The conditional density function fX(x,y) = f(x,y)/fY(y), and fY(y) is found by integrating the joint density function from 0 to 1-y.  This gives fY(y) = 2(1-y) for y on [0,1] and 0 otherwise.

Then fX|Y(x,y) = f(x,y)/fY(y) = 2 / (2(1-y)) = 1 / (1-y) for y between 0 and 1 and x between 0 and 1-y.  Then P[X > 1/2 | Y = 1/4] is the integral of 1/ (1 - (1/4)) = 4/3 from 1/2 to 3/4.  This equals ((3/4)-(1/2))(4/3) = (1/4)(4/3) = 1/3.

• ### Independence

Recall that events A and B are independent if and only if P[A and B] = P[A] P[B].

For discrete random variables, the condition for independence of X and Y becomes X and Y are independent if and only if P[X=x,Y=y] = P[X=x] P[Y=y] for all real numbers x and y.  This definition of independence for discrete random variables translates into the statement that X and Y are independent if and only if a cell value is the product of the row total times the column total.

Are the random variables X and Y described above with the following joint probability density table independent?

 Y Values X Values 0 1 2 3 0 1/8 0 0 0 1/8 1 0 1/8 1/8 1/8 3/8 2 0 2/8 1/8 0 3/8 3 0 1/8 0 0 1/8 1/8 4/8 2/8 1/8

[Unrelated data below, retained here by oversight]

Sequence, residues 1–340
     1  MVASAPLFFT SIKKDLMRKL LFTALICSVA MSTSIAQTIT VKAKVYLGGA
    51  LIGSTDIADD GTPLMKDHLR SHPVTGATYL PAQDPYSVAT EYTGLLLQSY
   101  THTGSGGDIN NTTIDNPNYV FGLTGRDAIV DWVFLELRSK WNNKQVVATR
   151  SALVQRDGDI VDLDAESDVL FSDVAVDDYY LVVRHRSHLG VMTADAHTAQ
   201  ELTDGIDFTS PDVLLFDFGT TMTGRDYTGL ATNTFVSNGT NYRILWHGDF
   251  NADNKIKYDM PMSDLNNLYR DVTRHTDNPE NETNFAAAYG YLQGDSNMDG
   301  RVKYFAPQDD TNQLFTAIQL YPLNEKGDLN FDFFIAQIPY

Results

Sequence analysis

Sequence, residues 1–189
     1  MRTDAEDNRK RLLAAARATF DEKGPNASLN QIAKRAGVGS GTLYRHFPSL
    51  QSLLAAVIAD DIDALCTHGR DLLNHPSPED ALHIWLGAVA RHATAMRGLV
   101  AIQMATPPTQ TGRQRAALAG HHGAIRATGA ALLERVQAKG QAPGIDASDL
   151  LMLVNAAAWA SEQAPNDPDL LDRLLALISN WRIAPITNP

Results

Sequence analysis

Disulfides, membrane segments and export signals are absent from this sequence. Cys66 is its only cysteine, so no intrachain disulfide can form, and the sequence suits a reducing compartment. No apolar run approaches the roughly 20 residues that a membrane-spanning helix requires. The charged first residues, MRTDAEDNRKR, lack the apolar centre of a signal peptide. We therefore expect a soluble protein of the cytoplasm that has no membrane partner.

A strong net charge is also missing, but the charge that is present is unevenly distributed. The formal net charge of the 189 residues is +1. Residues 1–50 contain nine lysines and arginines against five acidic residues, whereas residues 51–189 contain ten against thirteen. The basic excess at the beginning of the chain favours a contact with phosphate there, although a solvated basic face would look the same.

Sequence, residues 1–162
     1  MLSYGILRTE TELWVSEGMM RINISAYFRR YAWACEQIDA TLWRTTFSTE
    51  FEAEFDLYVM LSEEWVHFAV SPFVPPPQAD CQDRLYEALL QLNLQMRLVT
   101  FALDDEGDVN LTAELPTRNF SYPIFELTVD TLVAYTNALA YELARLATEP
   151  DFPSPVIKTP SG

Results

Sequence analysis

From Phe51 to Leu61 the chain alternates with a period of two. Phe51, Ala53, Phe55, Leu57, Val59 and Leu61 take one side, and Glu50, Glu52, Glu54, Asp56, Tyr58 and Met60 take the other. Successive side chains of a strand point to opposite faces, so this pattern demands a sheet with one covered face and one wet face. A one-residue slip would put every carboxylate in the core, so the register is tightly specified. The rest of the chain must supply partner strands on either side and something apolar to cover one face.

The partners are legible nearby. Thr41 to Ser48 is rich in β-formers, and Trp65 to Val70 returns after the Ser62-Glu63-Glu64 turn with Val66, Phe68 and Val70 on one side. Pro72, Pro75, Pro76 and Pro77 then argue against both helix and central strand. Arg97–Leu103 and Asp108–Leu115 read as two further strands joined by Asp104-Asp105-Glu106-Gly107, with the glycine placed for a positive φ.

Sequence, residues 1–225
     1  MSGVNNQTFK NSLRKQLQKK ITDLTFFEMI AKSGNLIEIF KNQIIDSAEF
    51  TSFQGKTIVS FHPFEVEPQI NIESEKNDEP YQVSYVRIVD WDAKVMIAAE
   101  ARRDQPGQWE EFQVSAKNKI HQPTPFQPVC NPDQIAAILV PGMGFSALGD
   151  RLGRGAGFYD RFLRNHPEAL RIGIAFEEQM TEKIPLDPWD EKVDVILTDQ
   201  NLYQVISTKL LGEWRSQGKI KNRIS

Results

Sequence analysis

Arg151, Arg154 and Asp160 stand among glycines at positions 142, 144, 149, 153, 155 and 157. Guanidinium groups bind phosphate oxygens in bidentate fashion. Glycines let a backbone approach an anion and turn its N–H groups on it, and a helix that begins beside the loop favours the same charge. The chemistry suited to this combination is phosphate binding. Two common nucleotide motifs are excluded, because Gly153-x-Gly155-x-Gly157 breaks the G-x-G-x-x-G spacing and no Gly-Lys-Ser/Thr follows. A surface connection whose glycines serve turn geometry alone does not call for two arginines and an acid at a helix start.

The random variables are not independent because, for example P[X=0,Y=1] = 0 but P[X=0] = 1/8 and P[Y=1] = 4/8.

For continuous random variables, the condition for independence of X and Y becomes X and Y are independent if and only if f(x,y) = fX(x) fY(y) for all real numbers x and y.

For the joint density function f(x,y) = 1 for x on [0,1] and y on [0,1] and 0 otherwise, the marginal density function of X, fX(x) = 1 for x on [0,1] and the marginal density function of Y, fY(y) = 1 for y on [0,1].  The marginal density functions can be multiplied together to produce the joint density function.  Thus the random variables X and Y are independent.

• ### Expected Values

• #### Expected Values of Functions of Two Random Variables

The following two formulas are used to find the expected value of a function g of random variables X and Y.  The first formula is used when X and Y are discrete random variables with pdf f(x,y).

To compute E[X*Y] for the joint pdf of X=number of heads in 3 tosses of a fair coin and Y=toss number of first head in 3 tosses of a fair coin, you get

E[X*Y] = 0*0*(1/8) + 0*1*0 + 0*2*0 + 0*3*0 +

1*0*0 + 1*1*(1/8) + 1*2*(1/8) + 1*3*(1/8) +

2*0*0 + 2*1*(2/8) + 2*2*(1/8) + 2*3*0 +

3*0*0 + 3*1*(1/8) + 3*2*0 + 3*3*0 = 17/8

The next formula is used when X and Y are continuous random variables with pdf f(x,y).

In computing E[X - Y] for the random variables X and Y whose joint pdf is 1 for x in [0,1] and y in [0,1] and 0 otherwise, you get the following.

• #### Covariance and Correlation of Two Random Variables